Wednesday, May 4, 2016

On being who I am

I grew up in a family that was functionally and socially lower middle class, although sometimes financially hovering below that due to circumstances. My parents, who were small businesspeople in a professional business (my father was a vet in a single-vet practice) prioritised education, faith, and family in our upbringing. My brothers and I were well fed, adequately clothed and provided with items of play, diligently cared for (in the case of my severely disabled brother), supported to learn musical instruments, and for the two of us to whom this applied, extremely well educated at good schools. We were raised in a loving, stable environment, one riven with sadness when my middle brother died aged 8 (I was 10) but never anything less than mutually affectionate.

What we did not have, of course, was the level of luxury in daily life, or the monetary parental booster rocket to start our independent lives, that some of our better-heeled peers had. We never went overseas or bought designer clothes. We didn't eat at fancy restaurants or have a swimming pool in the yard. We bought our first cars, and many years later our first homes, under our own steam, my little brother and I.

I was reflecting on this recently in the context of thinking about what legacies my childhood has left me. Losing a sibling young has granted me both empathy and anxiety. Being raised in a religious household has given me both a deep residual religiosity of my own and a complicated resentment that I sometimes struggle to unpick. Growing up in the heart of a small business gave me an understanding of risk, a penchant for lone-wolfing professionally and a preference for being my own boss, which probably explains why I have gravitated towards freelancing and feel settled in that life.

One thing I have rarely enunciated clearly, though, is how profoundly my childhood-born deep unease around very luxurious environments and very rich people has shaped my choices in life. I would say that we also are located in the middle class, my household and I, but the reality of living costs, as well as the phenomenal expense of housing today, means that although we objectively earn more than my parents did, our standard of living with our three girls is very similar to what I grew up with. My girls also are safe, well-fed, clothed, able to explore hobbies and interests, and well-schooled. We probably go on more holidays than I did as a kid, but they are similarly modest and local compared with childhood vacations. Like my parents, we have tight months when a lot of bills come due, we budget for non-essential items, and we are vulnerable to financial catastrophe. Like my parents, we are paying off a comfortable but not luxurious home, have no investments, and less super than we "should".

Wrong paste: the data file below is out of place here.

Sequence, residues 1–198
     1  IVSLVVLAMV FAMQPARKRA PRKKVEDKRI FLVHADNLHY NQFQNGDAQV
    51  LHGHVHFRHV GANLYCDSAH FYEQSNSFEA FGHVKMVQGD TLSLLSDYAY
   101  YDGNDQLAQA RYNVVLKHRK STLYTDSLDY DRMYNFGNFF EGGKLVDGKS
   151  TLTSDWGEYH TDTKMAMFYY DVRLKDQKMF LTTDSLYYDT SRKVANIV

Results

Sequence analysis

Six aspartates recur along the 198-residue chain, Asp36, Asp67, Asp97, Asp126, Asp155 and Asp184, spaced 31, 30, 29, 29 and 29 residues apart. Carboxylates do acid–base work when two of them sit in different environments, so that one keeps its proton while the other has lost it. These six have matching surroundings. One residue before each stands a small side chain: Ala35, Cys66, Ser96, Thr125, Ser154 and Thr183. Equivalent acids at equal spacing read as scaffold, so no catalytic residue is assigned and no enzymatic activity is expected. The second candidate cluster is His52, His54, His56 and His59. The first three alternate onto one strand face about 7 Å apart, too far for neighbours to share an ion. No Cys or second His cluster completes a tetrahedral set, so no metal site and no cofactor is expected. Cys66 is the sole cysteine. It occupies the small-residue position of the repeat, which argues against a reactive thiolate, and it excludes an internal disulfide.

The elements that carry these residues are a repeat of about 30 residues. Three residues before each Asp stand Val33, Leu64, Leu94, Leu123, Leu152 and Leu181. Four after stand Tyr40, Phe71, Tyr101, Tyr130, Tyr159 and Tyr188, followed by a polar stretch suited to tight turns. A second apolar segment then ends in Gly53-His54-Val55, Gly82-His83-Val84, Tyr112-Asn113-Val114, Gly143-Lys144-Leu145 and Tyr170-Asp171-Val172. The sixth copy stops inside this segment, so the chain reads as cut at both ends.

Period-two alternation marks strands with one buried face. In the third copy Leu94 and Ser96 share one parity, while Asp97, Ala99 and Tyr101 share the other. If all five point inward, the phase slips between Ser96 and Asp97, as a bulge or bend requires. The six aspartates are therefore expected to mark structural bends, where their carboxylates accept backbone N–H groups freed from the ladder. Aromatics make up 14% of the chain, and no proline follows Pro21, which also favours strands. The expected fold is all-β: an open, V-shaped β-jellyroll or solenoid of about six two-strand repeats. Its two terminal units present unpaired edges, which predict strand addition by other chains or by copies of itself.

The thing is, although a part of me would cry with relief if a magical fairy granted me a competence sufficient to cushion life's slings and arrows, I know absolutely that I was not born to, nor am I fitted to, a life of ease and luxury. I feel uncomfortable in the presence of excess. There's a vague rage, a stiffness, and above all, a deep and complex shame. On the one hand, I feel lesser, not good enough, when around the very wealthy and the trappings of their wealth. I become awkward and inarticulate, clumsy and stupid. On the other hand, I feel existential shame that such wealth even exists when the world is so full of want. There is no rationality to this; it just is.

So if I could be a wealthy person ... I wouldn't be. I would not know how to be myself in a setting of glitter and gold; I would not see myself undistorted in the high gloss of that mirror. Not having too much, and occasionally not even having enough, is intrinsic to my understanding of myself. I am not good enough to be rich. I am too good to be rich. It doesn't have to make sense to be true.

1 comment:

  1. I love this post so very much!
    You know yourself very well. Self realized actually :)